Dec 05 2013
The editor of the Guardian newspaper this week faced intense political scrutiny from his own government. Alan Rusbridger was asked to appear for a parliamentary hearing on terrorism on Tuesday and faced aggressive questioning from the House of Commons Home Affairs Select Committee. At the heart of the hearing was the assumption that the Guardian, by publishing the stories of NSA surveillance based on documents leaked by Edward Snowden, the paper had jeopardized national security.
Rusbridger was even asked at one point during the hearing if he loved his country. He maintained throughout that freedom of press was one of the hallmarks of a free and democratic society. The Guardian’s journalists have faced close scrutiny, meetings with intelligence officials that they consider intimidation, and even had some of their computer hard drives physically destroyed.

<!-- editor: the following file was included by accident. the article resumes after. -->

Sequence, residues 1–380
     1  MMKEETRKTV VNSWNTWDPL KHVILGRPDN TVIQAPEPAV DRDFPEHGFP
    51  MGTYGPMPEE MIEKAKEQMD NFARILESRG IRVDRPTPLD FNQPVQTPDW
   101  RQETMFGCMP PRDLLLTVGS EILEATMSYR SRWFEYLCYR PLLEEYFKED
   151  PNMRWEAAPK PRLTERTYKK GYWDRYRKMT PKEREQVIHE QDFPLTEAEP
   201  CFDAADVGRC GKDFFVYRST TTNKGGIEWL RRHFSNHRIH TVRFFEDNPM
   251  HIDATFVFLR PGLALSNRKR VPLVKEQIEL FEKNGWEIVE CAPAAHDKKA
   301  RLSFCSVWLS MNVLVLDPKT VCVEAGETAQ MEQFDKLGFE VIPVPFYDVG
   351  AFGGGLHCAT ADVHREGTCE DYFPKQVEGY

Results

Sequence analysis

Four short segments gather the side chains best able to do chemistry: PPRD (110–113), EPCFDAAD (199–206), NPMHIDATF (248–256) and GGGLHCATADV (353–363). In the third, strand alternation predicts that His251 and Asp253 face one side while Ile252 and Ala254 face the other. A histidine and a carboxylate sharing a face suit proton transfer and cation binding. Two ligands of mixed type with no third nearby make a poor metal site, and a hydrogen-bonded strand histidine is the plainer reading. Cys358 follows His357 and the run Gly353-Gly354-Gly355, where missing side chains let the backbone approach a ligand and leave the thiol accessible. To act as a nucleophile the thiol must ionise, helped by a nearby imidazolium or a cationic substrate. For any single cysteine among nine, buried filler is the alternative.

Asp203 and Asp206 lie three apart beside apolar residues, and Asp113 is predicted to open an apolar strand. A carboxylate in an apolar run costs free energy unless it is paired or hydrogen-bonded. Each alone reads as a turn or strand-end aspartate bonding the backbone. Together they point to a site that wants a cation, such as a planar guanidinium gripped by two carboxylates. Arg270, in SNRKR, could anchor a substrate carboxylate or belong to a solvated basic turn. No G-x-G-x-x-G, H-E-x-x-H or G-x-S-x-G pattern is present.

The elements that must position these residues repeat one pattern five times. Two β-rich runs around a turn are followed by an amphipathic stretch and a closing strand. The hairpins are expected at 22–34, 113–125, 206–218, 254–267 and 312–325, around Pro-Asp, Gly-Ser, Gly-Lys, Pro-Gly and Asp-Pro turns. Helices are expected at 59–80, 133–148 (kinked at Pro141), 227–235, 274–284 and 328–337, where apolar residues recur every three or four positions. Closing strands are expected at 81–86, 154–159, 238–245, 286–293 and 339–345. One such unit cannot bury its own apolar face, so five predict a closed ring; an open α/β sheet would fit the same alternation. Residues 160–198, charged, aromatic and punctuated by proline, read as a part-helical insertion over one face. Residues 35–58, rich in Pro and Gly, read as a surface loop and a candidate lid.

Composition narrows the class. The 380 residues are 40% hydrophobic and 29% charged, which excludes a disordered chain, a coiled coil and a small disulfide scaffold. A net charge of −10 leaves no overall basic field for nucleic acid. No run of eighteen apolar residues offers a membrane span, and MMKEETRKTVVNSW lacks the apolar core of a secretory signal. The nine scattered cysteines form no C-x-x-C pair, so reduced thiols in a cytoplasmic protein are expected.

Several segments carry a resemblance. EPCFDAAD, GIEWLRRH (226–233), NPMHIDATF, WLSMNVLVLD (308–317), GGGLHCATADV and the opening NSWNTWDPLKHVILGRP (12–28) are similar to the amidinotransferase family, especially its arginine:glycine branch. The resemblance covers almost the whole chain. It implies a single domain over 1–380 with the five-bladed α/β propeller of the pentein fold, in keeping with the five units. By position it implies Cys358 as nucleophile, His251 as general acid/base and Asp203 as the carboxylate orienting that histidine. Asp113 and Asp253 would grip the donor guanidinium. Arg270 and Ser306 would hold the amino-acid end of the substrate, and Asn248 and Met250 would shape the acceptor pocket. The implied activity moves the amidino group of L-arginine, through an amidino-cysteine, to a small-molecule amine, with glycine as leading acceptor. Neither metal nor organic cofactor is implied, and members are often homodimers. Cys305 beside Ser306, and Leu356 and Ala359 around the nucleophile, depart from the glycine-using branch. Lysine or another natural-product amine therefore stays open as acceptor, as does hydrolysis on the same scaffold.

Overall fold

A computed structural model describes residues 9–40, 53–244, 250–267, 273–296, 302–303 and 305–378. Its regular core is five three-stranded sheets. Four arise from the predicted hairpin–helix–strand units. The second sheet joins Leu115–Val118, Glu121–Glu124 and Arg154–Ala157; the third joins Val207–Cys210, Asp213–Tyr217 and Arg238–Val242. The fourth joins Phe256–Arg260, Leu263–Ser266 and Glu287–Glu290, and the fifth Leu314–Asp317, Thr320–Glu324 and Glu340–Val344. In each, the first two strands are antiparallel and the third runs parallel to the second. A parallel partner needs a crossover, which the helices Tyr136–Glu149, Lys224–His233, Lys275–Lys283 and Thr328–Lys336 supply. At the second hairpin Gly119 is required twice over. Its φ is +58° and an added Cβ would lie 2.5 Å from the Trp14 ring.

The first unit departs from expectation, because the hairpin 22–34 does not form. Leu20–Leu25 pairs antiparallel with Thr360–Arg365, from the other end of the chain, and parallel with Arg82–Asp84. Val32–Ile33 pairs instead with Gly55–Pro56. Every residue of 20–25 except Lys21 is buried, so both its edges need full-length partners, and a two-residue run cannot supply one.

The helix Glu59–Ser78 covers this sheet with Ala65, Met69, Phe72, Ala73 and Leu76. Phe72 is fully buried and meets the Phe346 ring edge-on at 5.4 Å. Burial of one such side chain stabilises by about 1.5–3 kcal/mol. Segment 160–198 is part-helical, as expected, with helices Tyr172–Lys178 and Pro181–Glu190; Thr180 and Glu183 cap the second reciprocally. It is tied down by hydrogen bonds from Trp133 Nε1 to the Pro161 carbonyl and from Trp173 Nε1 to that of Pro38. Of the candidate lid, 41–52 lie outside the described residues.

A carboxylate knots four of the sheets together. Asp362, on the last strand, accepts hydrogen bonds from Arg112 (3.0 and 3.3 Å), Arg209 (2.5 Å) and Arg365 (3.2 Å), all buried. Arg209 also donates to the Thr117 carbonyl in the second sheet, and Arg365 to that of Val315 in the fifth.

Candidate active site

While the US has not yet had similar Congressional hearings, attacks on journalism in the wake of the NSA scandal are no less insidious. Whistle blowers have been prosecuted and jailed, and individual journalists have been closely surveilled.
GUEST: Norman Solomon is co-founder of RootsAction.org and founding director of the Institute for Public Accuracy. His books include “War Made Easy: How Presidents and Pundits Keep Spinning Us to Death” and “Made Love, Got War: Close Encounters with America’s Warfare State”.
Click here to read Norman Solomon’s latest article on this topic.